This is the second of four interviews with the young cast members of Olney Theatre Center’s Over the Tavern. Today, Corrieanne Stein tells us about playing the young sister in the Pazinski family.
Joel: Introduce yourself to the DCMTA readers.
Corrieanne: Hi, I’m Corrieanne Stein,16 years old. I’ve been performing since I was 5. I have trained at the Musical Theater Center, Linda Townsend workshops (including Tom Logan’s very helpful seminars), U.S. Performing Arts, Broadway Artists Alliance, Peabody Preparatory at Peabody Conservatory, and spent many years dancing at the Dawn Crafton Dance Center.
My first lead in a musical was with MTC’s production of Annie Warbucks (a sequel to Annie) at the F. Scott Fitzgerald Theatre in Rockville. I was 9 years old and just LOVED it! Since then I’ve performed at Signature Theater where I played Roberta in Kathy Lee Gifford’s musical Saving Aimee, starring Broadway’s Carolee Carmello. I spent an entire year in NYC on Broadway as a member of the original Broadway cast of Billy Elliott: The Musical playing Ballet Girl, Margaret Gormley; I understudied the role of Debbie Wilkinson and filled in for Tracy Atkinson. Performing 300 times that year was a thrilling and unforgettable experience.
My acting coach is Carl Randolph here in the DC area, and he is an amazingly gifted and talented actor, dancer, and teacher.
Why did you want to appear in this production of Over the Tavern?
I was really looking forward to working with John (Jack) Going – an accomplished and experienced director who really understands every nuance in creating a powerful production. I wanted to continue to act regionally while I complete high school – so this was perfect. The whole cast and crew is wonderful to work with.
Tell us about your character you play.
In Over the Tavern, I play Rudy’s older sister, Annie Pazinski, who is a typical teenage girl who struggles in dealing with boys – she works through her anxiety by eating Twinkies!! But her emotional range is all over the map, and the character takes some real understanding.
What is Over the Tavern about from the point of view of Annie?
For my character, Over the Tavern is the story of becoming a woman; it’s about facing the challenges every young woman faces in reconciling her own grownup impulses with how her parents would like her to behave.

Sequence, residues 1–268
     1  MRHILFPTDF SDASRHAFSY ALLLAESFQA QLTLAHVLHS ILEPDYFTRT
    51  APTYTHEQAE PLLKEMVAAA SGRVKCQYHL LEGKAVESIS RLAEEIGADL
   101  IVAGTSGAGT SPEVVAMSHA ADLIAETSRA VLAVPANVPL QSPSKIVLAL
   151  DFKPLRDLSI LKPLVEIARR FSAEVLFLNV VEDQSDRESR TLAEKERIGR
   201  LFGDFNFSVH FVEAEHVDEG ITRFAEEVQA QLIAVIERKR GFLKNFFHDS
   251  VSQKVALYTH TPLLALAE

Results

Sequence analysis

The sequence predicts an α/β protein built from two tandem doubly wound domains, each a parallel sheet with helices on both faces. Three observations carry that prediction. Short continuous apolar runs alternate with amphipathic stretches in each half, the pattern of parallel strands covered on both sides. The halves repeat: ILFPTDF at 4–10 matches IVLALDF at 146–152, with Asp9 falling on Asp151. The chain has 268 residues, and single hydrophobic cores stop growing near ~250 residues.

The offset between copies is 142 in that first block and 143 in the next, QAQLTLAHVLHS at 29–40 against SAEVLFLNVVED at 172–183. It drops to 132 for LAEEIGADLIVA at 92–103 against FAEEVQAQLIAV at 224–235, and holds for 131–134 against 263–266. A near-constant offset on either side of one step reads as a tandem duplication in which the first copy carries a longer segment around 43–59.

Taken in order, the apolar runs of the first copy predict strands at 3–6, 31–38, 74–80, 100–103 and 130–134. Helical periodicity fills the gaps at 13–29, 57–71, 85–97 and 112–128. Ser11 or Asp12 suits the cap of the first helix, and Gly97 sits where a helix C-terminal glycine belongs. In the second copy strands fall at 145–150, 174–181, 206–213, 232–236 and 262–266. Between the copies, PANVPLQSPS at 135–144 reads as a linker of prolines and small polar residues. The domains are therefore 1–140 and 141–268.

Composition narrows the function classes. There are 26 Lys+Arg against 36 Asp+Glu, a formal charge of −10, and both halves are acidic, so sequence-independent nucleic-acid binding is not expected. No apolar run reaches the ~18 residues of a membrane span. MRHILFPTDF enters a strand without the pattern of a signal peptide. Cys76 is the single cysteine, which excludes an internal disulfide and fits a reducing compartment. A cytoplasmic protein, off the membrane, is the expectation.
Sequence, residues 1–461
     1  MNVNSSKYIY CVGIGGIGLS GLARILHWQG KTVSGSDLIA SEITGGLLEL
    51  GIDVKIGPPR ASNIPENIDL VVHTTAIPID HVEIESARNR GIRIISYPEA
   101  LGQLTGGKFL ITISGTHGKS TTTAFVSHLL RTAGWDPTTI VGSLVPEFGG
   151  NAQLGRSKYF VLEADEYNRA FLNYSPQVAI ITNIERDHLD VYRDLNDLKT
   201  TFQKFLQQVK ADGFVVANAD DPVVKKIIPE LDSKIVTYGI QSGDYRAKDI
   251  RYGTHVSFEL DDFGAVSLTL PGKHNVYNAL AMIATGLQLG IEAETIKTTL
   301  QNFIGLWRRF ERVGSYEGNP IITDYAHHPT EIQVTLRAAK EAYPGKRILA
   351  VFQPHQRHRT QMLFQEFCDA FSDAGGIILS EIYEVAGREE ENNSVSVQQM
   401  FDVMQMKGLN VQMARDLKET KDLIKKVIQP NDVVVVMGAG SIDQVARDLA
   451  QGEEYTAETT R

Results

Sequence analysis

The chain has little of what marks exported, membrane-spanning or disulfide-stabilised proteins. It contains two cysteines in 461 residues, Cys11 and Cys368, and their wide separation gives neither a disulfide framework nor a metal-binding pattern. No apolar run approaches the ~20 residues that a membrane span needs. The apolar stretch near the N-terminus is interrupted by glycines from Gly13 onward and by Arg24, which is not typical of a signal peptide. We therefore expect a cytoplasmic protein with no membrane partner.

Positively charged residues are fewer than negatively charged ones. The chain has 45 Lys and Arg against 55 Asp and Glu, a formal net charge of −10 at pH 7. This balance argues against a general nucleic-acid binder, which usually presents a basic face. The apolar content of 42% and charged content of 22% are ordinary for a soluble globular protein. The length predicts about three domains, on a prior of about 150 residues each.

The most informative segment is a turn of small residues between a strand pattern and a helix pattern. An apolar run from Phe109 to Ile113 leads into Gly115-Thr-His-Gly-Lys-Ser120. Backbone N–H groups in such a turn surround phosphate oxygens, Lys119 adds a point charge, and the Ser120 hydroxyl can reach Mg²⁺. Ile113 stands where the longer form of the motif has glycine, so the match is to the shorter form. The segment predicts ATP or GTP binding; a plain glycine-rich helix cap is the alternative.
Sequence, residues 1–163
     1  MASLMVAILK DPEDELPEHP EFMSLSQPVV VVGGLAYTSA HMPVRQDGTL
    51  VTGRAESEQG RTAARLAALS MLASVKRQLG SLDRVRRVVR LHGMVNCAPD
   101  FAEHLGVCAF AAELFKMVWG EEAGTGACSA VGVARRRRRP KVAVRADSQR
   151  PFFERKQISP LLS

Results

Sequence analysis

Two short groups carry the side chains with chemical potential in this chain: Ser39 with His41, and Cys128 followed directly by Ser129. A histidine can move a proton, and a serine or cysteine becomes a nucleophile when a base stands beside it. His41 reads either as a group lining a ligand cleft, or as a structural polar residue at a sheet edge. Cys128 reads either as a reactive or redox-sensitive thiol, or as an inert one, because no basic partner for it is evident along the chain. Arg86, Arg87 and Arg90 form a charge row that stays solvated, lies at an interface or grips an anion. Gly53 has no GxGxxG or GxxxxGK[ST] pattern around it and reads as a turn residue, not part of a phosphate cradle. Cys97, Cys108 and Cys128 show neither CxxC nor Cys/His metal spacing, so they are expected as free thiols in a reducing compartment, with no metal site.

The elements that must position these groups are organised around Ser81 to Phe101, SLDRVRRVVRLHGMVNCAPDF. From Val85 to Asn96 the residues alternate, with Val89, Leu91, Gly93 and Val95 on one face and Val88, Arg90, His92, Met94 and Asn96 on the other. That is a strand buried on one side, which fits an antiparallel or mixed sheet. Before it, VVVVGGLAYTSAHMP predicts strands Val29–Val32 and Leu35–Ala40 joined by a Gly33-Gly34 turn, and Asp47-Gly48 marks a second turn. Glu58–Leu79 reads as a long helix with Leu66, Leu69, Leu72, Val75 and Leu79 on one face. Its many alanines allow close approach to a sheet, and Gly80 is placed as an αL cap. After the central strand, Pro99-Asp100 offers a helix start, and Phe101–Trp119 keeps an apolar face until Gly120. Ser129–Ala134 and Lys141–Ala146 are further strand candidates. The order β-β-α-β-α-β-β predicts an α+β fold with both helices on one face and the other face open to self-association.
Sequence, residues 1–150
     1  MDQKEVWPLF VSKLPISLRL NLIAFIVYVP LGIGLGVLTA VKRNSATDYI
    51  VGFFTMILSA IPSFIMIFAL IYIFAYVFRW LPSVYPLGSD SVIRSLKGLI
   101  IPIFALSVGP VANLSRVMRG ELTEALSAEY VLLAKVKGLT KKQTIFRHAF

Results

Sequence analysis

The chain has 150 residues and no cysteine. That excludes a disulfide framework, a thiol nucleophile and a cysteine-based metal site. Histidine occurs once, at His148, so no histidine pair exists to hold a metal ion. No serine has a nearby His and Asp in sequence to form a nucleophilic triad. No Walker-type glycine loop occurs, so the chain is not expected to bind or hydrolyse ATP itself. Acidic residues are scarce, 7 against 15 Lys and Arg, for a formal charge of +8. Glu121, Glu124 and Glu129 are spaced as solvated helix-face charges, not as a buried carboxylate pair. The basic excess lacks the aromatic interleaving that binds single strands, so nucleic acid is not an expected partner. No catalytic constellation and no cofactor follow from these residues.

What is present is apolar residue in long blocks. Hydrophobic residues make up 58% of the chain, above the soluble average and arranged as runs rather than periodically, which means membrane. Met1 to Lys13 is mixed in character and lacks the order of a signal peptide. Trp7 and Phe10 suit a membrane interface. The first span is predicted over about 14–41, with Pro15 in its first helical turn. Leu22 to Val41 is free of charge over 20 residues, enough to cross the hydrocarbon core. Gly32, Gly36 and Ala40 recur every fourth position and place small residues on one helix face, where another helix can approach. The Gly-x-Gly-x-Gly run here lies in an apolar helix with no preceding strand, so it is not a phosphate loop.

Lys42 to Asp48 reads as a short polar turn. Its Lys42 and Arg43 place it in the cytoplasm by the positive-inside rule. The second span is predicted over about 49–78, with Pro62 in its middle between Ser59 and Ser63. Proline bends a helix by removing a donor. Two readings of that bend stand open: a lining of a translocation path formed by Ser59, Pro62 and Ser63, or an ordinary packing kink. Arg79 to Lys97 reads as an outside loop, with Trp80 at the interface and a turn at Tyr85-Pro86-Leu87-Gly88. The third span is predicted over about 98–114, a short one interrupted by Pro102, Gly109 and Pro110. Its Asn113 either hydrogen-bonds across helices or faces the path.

How do you personally relate to Annie?
Being a teenager the same age as my character means I understand how she feels and appreciate her struggles and emotions.
Annie, according to Jack, is innocent and is trying to understand herself as she goes through the rapid changes that occur when a girl is on the brink of adulthood.
What was your audition like, and where were you when you were notified that you got the role?
When I auditioned for the role, I was rehearsing for the The Wizard of Oz at my high school where I was Glinda. I remember being worried that I would be late for rehearsal and I had big Glinda-like curls and thought…”I wonder if this is what they are looking for in Over the Tavern? We read sides in the audition and then I raced back to rehearsal as Glinda. About a month later I learned I got the part and was thrilled; I was in class – I got a text. It’s a really fun role!
What have you learned about being an actor working on this production?
I have learned that I have a tendency to become the character I play…I adopt their mannerisms and thought process and I become that character for a while…. This has really helped me grow as an actor.
What is the most difficult scene to play?
The hardest scene in this play for me is the scene which relates to “Undressing in front of the window.” It is a quiet scene where I have to express a wide range of emotions in a short time.
What do you enjoy the most about being in the Over the Tavern cast?
I love watching the other actors work in every scene. It is a magnificent cast and each character pulls you in…
How have you juggled performing in the show and school?
Since I performed for a year on Broadway, rehearsed, took dancing lessons, and juggled school work, at the same time, I have learned to be efficient with my time…and I only need a few hours of sleep a night…being in a show keeps me energized! Also, I have incredible friends and teachers who help support me.
How have your parents helped you with your career?
My parents are the most supportive parents ever. They drive me everywhere (I do have a learners permit), deal with my crazy schedule, and laugh through it all.
You are the ‘Queen of Annies” and have played the role of Annie in several productions. How many times have you played the role of Annie?
Four times! We laugh at my house because Annie seems to be a lucky character for me. I have played Annie, Annie Warbucks (the sequel), Annie Sullivan in The Miracle Worker, and now Annie Pazinski.
What are you doing after the show closes?
Auditioning, keeping up school, and working hard every day…
Why should theatregoers comes to Olney Theatre Center to see you perform in Over the Tavern?
There’s something in Over the Tavern for everyone – moms, dads, kids – something we can all relate too. And it is very funny. I hope audiences enjoy the feeling of family and fun that we create as members of the Pazinski family. It’s a true joy to be a part of this production.
Over the Tavern plays through October 21, 2012 at Olney Theatre Center – 2001 Olney Sandy Spring Road, in Olney, MD. For tickets, call the box office (301) 924-3400.